The kids are begging to partake in one of their favorite holiday traditions of the year – trick-or-treating. But we are still deep in the global pandemic. So do we skip the door-to-door candy festivities this year or is there a safe way to trick-or-treat?
Dr. Benjamin Chapman, a professor and food safety extension specialist at North Carolina State University, sits down with The Abstract to weigh in on the do’s and don’ts of Halloween trick-or-treating during a pandemic.
The Abstract: Is it safe to send kids out trick-or-treating this Halloween?
Ben Chapman: The biggest risk for transmission of the virus that causes COVID-19 remains being around other people. Halloween festivities including trick-or-treating could certainly be risky if kids and parents are in close contact with others (within 6 feet for more than 15 minutes total over the course of the night). Sending kids out is riskier than not, but there are management practices including face coverings, limiting interactions with people outside of their family (other trick-or-treaters and the folks who are handing out candy) and hand hygiene can reduce the risk. Certainly, CDC has recently highlighted this issue and has also suggested that traditional festivities are risky.
TA: Can COVID-19 be transmitted on packaged candy or food? What about homemade treats like brownies or cookies?
Chapman: Eating food or touching food packaging of any kind (candy or otherwise) has not been identified as a transmission route for SARS-CoV-2. We don’t have any examples in the hundreds of clusters of illnesses worldwide where either food or packages have been identified as risk factors.
TA: Should kids wear gloves when receiving the “treats” and should the parents spray the candy or food off with a disinfectant before eating?
Chapman: It’s always very hard for me to tell people what they should and shouldn’t do. What I will say is that wearing gloves and disinfecting treats aren’t practices that I would say reduce risk of transmission. Gloves are not going to decrease risk over good hand hygiene (sanitizer use or hand-washing). However, spraying food with disinfectants could certainly increase risk of other toxicological issues (and this is something we’ve seen since the pandemic started). I would recommend against that. If someone does choose to have their children trick-or-treat, I would suggest wearing face coverings (in addition to any halloween mask) and carrying hand sanitizer and applying it multiple times.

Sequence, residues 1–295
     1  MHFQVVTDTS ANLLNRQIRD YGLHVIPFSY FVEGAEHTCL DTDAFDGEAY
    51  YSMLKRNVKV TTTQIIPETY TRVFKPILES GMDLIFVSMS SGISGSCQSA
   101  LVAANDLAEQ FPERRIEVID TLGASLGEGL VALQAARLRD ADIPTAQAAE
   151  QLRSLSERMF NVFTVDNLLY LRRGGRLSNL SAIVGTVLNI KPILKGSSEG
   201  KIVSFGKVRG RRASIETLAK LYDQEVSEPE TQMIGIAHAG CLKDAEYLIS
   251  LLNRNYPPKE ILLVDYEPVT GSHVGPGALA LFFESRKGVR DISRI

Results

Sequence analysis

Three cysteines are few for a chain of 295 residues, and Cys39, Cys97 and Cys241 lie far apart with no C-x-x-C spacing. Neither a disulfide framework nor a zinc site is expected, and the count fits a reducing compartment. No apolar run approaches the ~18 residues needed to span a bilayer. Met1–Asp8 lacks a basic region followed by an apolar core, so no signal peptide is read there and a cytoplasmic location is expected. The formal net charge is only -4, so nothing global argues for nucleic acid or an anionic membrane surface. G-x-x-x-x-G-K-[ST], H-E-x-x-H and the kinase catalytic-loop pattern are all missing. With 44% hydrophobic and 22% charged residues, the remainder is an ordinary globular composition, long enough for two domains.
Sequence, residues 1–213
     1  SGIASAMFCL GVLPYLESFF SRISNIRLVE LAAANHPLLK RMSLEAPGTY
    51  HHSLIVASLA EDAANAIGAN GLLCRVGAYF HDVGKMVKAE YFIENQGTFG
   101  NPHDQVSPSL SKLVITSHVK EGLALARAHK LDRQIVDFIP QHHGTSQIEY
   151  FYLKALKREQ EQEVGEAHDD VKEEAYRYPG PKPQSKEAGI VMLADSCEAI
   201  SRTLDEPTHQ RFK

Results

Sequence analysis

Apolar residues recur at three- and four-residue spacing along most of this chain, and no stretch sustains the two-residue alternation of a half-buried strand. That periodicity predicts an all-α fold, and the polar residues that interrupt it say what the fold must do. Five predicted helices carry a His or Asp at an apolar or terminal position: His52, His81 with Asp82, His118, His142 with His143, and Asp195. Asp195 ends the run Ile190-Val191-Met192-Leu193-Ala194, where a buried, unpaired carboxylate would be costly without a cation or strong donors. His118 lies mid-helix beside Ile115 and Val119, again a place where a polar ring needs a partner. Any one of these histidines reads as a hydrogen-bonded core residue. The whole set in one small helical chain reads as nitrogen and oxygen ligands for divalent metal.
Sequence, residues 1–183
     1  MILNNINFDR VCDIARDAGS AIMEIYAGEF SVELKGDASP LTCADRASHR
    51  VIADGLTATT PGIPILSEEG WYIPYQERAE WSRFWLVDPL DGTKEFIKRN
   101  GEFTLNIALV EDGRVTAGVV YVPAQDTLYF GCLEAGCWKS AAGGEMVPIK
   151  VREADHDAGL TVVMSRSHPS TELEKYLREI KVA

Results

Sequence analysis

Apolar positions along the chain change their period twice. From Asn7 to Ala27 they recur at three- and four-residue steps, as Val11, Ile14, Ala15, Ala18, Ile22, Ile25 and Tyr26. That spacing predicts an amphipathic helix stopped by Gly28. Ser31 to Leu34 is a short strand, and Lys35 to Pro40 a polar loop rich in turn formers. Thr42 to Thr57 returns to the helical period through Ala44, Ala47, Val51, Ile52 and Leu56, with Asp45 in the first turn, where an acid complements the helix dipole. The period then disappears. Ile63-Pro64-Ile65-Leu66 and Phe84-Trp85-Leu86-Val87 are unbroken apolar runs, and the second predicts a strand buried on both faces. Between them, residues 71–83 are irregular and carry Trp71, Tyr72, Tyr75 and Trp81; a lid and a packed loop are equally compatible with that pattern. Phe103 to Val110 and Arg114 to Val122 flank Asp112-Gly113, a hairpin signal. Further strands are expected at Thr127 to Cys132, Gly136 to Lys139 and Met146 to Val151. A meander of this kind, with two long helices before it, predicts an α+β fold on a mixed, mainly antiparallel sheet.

TA: How do people avoid touching each other when giving out/receiving the “treats”? If you leave a bucket of candy out, shouldn’t people be concerned about all of the hands touching that bucket and the candy inside of it? What about leaving out individual baggies of candy?
Chapman: As a parent of a couple of pre-teens, the hardest thing we’ve encountered is how to have my kids comply with many of the individual recommendations. We’re constantly reminding them to keep their distance from others, to use sanitizer/hand-wash and avoid playing with or removing masks. I think that highlights our Halloween challenges as well – having kids self-serve candy is certainly less risky when it comes to being around others but the tradeoff is that they need to practice good hand hygiene. Individual baggies would reduce some risks, but I also worry about the congregation of people on doorsteps, waiting in line to find that perfect candy bag. Unfortunately there are no simple answers on this one.
TA: Are there other steps that parents and kids can take to reduce their risk of contracting COVID-19? Or of inadvertently spreading it to others if they don’t know they are carriers?
Chapman: Keeping kids home if they have been exposed to someone who has tested positive or if they have COVID-19 symptoms is also important to keep in mind. But the best way to manage the risks are not participating this year.
TA: Are there other steps that people who are giving out candy should take to reduce risk for themselves and trick-or-treaters?
Chapman: I would certainly reconsider giving out treats if I was at a high risk for severe symptoms group (elderly, immunocompromised, other underlying conditions). Using the approach of contactless/interaction-less treat bowls or baggies would be my suggestion.
For more information please see the CDC’s Halloween guidelines.
This post was originally published in NC State News.